Also, his lack of sympathy for 'unworthy' victims is notable - eg the graffiti case. I didn't see him speak out in support of Louise Nicholas, or the young woman raped by English rugby players. There's something very nasty in the psyche of Mr McVicar.

Hugh said...

Idiot, if that's what you meant, perhaps you should have said it. Your earlier post posits a clear causitive link between supporting the death penalty and supporting murder.

muerk said...

Garth McVicar has written specifically about Liam Ashley as a victim who could have been spared if his killer had been kept in jail on the basis of his previous violent offending.


I'm not a fan of the SST, but nor do I like to see people misrepresented.

Anna said...

I didn't actually suggest that Garth McV had said anything about Liam Ashley - I used Ashley as an example of what may happen when you put criminals in close proximity.

I can't help but feel that McVicar spoke out about the Liam Ashley case either because the Ashleys were by and large nice middle class people, or because he recognised an opportunity to have his two cents' worth in the media. It makes no sense to sympathise with Liam Ashley (criminal) on one hand, then take the part of a middle aged guy who stabbed a child poised to spray paint his garage.

muerk said...

Anna: I was responding to Idiot Savant who said that Ashley's death would be likely regarded by the SST as "an efficient outcome".

I think the SST's focus on victims is overlooked. I don't agree with the death penalty because it destroys the sacredness of life, but I can see why victims of violent crimes want longer sentences for offenders.

I don't think our justice system focuses much on victims - partly thats just the way it's set up, it's purpose is to determine guilt and punish it. But it's a hard road to go down if you're the one who has been hurt.

Anna said...

Yes, Muerk, you're completely right that victims of crime have a hard road. I think, though, that the justice system isn't merely there to punish - we expect it to rehabilitate to some degree, and to protect the public by taken dangerous people out of circulation (whether or not they're currently serving time - ie preventative detention after someone has finished their sentence). These different rationales sometimes conflict.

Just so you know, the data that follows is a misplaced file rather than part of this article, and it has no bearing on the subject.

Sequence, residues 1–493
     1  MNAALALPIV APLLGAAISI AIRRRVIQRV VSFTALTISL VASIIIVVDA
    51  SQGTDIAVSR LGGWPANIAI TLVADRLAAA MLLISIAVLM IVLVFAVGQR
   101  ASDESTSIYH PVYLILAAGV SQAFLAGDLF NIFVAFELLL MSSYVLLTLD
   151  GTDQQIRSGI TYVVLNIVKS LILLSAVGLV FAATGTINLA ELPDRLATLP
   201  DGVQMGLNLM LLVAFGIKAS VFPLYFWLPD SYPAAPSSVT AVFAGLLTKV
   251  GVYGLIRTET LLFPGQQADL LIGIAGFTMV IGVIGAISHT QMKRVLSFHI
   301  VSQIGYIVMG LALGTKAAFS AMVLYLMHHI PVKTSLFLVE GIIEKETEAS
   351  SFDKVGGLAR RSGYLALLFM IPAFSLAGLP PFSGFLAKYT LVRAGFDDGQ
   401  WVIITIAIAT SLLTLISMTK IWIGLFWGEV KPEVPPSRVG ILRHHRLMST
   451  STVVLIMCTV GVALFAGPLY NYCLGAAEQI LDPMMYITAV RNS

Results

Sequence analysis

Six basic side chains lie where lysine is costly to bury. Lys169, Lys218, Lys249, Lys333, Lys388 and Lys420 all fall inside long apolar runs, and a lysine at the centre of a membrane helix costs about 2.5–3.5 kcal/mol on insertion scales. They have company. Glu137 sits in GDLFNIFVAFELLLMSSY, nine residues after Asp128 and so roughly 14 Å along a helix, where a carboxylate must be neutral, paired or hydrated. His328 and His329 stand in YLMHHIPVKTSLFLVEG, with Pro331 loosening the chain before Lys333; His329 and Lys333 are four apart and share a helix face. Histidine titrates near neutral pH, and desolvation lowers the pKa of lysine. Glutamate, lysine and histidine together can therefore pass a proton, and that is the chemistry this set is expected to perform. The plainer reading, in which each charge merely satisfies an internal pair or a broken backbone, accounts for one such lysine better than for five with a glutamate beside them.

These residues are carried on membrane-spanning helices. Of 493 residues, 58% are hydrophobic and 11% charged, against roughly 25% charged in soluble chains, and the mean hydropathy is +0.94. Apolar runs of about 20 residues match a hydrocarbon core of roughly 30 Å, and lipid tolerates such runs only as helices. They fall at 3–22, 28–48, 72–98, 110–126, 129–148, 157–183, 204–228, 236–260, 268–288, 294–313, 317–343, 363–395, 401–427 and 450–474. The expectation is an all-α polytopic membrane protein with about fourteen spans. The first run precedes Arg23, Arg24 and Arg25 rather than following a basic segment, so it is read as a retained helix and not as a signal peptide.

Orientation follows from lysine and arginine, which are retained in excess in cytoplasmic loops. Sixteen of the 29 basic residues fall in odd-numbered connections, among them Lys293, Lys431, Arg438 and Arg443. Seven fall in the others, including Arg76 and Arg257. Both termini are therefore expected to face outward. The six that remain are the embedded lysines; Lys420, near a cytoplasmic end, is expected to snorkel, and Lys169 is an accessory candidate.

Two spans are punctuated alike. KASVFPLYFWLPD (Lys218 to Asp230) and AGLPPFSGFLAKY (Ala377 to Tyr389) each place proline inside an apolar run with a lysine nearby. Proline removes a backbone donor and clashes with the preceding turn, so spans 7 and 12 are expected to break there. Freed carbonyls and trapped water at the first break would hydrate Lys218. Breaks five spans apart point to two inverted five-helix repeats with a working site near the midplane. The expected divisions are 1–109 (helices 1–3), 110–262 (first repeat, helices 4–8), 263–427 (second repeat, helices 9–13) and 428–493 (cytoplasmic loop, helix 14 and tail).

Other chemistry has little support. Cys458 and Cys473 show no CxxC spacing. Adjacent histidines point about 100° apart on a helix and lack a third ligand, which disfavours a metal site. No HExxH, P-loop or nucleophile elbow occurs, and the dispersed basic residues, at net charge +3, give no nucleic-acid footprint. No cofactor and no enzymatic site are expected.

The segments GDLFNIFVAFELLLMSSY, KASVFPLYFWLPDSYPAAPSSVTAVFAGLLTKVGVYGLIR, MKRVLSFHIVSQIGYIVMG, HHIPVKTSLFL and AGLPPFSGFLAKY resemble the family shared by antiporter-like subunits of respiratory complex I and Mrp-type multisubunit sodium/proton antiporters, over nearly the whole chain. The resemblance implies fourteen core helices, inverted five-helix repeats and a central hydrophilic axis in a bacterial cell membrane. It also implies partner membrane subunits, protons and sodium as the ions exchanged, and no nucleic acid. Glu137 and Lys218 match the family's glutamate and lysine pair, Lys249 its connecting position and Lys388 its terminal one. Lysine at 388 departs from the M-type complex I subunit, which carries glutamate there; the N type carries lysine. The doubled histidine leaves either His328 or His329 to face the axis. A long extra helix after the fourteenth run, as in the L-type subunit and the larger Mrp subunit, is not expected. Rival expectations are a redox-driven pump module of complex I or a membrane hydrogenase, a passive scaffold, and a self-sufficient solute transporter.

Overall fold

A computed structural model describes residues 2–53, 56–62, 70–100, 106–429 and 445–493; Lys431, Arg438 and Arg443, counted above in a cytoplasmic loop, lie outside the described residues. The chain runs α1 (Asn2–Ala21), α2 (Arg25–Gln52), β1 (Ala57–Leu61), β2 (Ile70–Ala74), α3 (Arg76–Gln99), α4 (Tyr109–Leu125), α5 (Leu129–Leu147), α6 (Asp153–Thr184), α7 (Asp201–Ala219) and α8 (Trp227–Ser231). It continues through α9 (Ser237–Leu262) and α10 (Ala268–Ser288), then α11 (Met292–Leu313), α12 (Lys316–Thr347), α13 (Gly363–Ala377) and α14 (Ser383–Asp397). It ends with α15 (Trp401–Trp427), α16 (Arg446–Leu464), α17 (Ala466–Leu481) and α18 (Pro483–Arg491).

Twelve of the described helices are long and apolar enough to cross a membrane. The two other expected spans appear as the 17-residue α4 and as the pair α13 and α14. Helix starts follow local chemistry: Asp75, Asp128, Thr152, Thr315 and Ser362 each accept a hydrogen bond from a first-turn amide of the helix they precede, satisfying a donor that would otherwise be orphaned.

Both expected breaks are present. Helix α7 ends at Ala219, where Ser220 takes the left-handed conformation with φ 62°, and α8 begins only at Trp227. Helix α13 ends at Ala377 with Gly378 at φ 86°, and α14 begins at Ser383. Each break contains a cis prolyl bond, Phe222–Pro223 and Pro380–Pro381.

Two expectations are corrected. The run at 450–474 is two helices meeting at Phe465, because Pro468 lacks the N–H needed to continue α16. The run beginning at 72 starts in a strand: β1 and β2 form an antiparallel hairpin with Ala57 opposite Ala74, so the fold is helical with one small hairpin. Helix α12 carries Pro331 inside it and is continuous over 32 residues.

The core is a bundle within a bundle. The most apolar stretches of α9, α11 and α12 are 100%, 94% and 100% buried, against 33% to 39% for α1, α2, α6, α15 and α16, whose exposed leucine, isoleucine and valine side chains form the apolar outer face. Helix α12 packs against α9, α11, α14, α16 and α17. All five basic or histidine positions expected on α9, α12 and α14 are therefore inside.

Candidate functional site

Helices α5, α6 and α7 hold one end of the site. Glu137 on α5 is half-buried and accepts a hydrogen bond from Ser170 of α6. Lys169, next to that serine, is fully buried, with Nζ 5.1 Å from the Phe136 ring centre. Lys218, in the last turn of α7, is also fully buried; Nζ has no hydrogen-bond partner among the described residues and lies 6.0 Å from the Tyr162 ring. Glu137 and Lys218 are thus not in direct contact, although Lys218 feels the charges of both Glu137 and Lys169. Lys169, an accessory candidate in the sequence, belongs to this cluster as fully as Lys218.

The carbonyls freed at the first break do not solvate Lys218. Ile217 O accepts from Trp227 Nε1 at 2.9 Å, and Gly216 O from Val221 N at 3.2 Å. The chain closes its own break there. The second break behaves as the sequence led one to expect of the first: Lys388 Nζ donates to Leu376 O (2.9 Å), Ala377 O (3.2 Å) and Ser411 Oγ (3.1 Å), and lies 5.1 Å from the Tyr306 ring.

I don't see why a victim of crime should feel any better because the person who victimised them is mistreated. When my father was a young man, he was badly beaten by a bunch of guys and nearly died - he spent many months in hospital. This obviously effected both him and our family negatively. To his great credit, he doesn't take a vengeful view of justice matters at all - he has very thoughtful views on the kind of factors which influence people to commit crime, and the importance of humane treatment of criminals. This is partly for ethical reasons, but also for the reason that dehumanising people quite clearly doesn't make them less likely to commit crime.

So it doesn't necessarily follow that a victim of crime will seek retribution, or be made to feel better by it.

muerk said...


I totally agree with you. I think an "eye for an eye" type of justice just exacerbates the pain and suffering. Religiously I feel called to forgive enemies, but I also think this works well as a justice policy. That's not to say that there are some people who need to be separated from society, or that some people need help over the long term in a secure environment.

My personal view is that those who break the law in a serious fashion need to be screened, some will be recidivist criminals who aren't candidates for rehabilitation, others will be suffering from mental illness, substance abuse or learning disabilities. Others will be the product of just stupid, unthinking behavior.

Different tactics will be required for different people, but the goal should be that people come to realise what they did was wrong, to regret it and to be able to act in new ways in the future.

Justice shouldn't be punitive, in and of itself, it should be healing.

Anna said...

Very well put Meurk - the idea of inflicting more hurt in the interests of a 'better' society absolutely leaves me cold. But that's not the same as saying that criminals ought to be allowed to run about freely. The welfare of the community should always come before the rights of the individual, I feel.

Simply punishing someone, without any concern for whether they're likely to emerge a better person or whether the community is any safer, seems incredibly counter-productive to me.